The Beauty Hack That Makes Long-Wear Liquid Lip Color Truly Long-Wearable

Reapplying long-wear color when it has flaked away in the middle of your lips never works! Until now...

Long-wear lipstick is so full of promise. “You can totally
make out with your boyfriend!” she says, luring you in. “And eat a Reuben! And
not worry about your lip color until you want to take it off!”

She’s tempting, because the result is beautiful, vibrant,
and precise:

Well, everyone, long-wear lipstick is a tease. I love the
idea, so I keep giving her another chance, but my lips are typically pretty
grody by the end of a day of wear. Though the color itself does not fade, I’ve
found that I really can’t keep long-wear lipstick looking good for that, well,
long.

After eating or just wearing for a few hours, I often find the center of
my lips devoid of color; however, since this is long-wear lipstick, it doesn’t
fade. Instead, it flakes and crumbles off, leaving a noticeable and jagged seam
where the color picks up again.

WARNING: Graphic beauty content below.

At this point, I would typically just reapply, but Miss
Long-Wear is having none of that. The seam of color means that reapplication is
significantly less smooth and is now more prone to the same type of flaking;
this creates a logarithmic lipstick function in which each successive
application leads to less time before another is needed.

Though this problem
does affect stand-alone products, like Stila
Stay All Day Liquid Lipstick, I have found the issue is even worse with products that include a gloss or balm
alongside the liquid color, like Make Up
For Ever Aqua Rouge pictured above. The product can’t properly adhere to lips or the prior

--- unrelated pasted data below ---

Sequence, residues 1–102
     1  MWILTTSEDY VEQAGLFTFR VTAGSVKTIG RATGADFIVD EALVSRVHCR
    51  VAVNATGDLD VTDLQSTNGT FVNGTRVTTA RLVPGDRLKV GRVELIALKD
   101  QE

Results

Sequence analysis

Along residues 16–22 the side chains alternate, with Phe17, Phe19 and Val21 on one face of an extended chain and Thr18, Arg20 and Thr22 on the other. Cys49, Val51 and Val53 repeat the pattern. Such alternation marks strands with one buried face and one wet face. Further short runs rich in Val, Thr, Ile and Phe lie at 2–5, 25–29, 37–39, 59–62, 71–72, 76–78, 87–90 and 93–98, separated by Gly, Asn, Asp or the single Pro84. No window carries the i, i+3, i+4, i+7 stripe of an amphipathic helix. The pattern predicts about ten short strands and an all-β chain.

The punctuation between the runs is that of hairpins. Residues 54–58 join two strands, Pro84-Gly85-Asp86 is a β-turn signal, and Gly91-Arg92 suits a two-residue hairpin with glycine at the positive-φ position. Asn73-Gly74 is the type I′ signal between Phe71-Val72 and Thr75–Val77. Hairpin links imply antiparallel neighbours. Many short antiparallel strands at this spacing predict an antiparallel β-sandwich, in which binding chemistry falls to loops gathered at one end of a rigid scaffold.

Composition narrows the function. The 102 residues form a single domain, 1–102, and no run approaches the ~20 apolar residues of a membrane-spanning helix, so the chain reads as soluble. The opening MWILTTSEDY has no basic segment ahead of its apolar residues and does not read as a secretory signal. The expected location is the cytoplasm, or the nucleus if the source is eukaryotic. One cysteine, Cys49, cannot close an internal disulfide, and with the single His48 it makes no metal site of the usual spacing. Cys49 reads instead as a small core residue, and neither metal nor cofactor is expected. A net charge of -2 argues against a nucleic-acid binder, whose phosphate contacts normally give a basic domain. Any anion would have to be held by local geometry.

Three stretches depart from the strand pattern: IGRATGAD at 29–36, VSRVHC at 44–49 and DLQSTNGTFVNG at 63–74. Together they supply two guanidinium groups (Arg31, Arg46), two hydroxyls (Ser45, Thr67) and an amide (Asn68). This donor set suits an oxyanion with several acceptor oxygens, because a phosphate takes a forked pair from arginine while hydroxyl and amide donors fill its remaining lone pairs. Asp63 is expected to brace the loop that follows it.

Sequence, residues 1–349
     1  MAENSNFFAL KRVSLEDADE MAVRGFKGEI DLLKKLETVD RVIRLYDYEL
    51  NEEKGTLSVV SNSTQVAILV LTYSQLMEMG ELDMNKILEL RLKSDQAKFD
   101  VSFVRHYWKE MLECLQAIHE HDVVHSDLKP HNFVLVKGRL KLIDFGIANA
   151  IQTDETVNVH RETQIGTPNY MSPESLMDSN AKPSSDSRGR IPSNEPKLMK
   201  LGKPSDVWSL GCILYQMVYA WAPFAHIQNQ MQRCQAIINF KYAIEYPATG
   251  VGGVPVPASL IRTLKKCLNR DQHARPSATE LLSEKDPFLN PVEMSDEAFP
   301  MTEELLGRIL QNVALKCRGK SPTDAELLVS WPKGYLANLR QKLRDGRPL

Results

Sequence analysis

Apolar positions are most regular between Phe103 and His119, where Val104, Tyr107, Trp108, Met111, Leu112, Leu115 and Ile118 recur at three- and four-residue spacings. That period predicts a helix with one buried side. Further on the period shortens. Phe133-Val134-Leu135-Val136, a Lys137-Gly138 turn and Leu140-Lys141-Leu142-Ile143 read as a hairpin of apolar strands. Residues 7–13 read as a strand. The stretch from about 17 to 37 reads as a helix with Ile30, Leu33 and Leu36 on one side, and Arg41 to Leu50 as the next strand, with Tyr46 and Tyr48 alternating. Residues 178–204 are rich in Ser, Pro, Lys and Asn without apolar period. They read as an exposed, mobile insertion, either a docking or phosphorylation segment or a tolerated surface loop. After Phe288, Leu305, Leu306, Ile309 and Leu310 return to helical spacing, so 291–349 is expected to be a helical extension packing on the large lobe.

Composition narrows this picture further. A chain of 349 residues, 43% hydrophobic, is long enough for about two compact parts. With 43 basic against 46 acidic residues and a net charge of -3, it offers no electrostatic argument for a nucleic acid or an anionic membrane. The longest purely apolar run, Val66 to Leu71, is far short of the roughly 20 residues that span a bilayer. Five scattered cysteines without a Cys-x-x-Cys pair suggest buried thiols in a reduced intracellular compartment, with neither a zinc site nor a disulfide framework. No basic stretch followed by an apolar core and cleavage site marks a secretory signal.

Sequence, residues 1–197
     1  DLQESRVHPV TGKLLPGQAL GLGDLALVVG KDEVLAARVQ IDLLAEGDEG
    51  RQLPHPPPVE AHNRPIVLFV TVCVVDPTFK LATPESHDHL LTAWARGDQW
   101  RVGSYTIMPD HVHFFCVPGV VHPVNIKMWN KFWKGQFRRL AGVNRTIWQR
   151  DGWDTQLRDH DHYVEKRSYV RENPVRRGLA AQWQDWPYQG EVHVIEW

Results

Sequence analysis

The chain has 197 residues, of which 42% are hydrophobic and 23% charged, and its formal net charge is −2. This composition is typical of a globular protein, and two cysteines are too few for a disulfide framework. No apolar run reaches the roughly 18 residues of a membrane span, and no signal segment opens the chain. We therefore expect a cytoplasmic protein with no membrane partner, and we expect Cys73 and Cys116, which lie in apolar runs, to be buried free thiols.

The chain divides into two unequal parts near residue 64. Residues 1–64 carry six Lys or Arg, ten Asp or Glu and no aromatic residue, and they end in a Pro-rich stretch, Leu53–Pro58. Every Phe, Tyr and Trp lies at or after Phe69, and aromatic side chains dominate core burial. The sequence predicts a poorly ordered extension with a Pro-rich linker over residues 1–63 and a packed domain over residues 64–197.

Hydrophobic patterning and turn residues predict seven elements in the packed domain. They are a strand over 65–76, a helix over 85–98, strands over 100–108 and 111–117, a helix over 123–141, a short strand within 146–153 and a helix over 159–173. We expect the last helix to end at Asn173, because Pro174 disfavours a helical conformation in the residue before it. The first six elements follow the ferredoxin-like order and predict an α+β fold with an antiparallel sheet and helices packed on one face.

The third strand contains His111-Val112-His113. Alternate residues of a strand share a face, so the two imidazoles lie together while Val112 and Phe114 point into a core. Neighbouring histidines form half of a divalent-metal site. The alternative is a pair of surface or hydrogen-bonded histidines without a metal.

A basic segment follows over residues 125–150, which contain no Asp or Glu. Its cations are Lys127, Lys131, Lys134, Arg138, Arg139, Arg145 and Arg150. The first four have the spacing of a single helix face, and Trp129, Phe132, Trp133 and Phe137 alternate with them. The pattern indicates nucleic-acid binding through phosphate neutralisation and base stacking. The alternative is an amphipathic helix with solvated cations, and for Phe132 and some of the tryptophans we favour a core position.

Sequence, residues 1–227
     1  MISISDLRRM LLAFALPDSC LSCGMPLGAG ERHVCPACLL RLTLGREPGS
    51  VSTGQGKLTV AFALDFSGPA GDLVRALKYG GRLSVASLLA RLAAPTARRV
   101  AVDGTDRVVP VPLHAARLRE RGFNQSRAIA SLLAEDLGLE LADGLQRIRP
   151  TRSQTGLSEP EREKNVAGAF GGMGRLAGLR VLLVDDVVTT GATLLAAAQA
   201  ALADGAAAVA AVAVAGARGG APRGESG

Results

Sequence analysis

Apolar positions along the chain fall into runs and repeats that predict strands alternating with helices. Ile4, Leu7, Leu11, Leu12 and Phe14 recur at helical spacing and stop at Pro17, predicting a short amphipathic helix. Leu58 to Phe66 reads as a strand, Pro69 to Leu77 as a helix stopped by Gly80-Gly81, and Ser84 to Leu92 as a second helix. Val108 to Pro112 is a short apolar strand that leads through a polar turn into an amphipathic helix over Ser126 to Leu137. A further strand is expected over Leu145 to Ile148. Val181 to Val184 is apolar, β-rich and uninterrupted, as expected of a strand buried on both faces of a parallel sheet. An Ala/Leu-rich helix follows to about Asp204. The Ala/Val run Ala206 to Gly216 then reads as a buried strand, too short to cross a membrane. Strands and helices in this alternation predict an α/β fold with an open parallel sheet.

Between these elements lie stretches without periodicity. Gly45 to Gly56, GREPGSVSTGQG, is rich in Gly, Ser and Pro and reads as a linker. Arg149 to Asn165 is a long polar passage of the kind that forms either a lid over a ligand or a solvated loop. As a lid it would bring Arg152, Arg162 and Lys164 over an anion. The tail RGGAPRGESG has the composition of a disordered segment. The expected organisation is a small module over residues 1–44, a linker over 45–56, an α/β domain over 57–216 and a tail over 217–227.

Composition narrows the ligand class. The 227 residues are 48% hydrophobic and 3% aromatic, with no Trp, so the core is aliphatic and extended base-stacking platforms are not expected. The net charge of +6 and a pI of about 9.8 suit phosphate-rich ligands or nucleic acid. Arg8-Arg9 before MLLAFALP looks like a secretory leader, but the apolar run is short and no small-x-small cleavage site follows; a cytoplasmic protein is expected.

application of color, since the gloss is in the way, thus decreasing wear time
even further.

This is no way to live!

Luckily, I discovered a fix (albeit
by accident). I was wearing Stila liquid lipstick in Beso, but I wanted the
color to be brighter, so I added a touch of Yves Saint Laurent Glossy Stain in 09 to the center of my lips.

I felt like a goddamn alchemist. Instead of just sitting on
top of the Stila product, the Glossy Stain melded with it to form a single
layer; in addition, there was no seam when the stain ended, since the products
blended so well together. I actually thought this could be a bad sign at the
time, as I feared it would ruin the longevity of the Stila color, but I was
luckily wrong.

Like, really wrong. After I initially tried this
combination, I wore it for eight hours and two meals; by the end, the color had
faded some, but I still looked presentable.

My experimental data for the photo
below took place over five hours, but results are largely consistent for
up to about 10 hours of wear. The fading I did experience was minimal and
fairly even across my lips; additionally and amazingly, there was absolutely no
flaking!
I also found that if the color began to dissipate from the center of
my mouth, I could rub my lips together a bit to redistribute it successfully.

I’ve since worn this look almost daily, with an excellent
result each time. I really like this method because it combines a lot of
elements that I am looking for in a lip color and had yet to otherwise obtain.

First, it is really, truly, long-wearing: I feel comfortable with this on for a
full day with minimal reapplication and never feel like the quality of my lip
color has degraded (e.g. flaking, opacity). Second, I do not have to wear a lip
liner, since I only apply the gloss stain to the center of my mouth, so the liquid
lipstick maintains its crisp edges. Third, it offers a slight satin finish to
otherwise completely matte products; though I do prefer matte lip color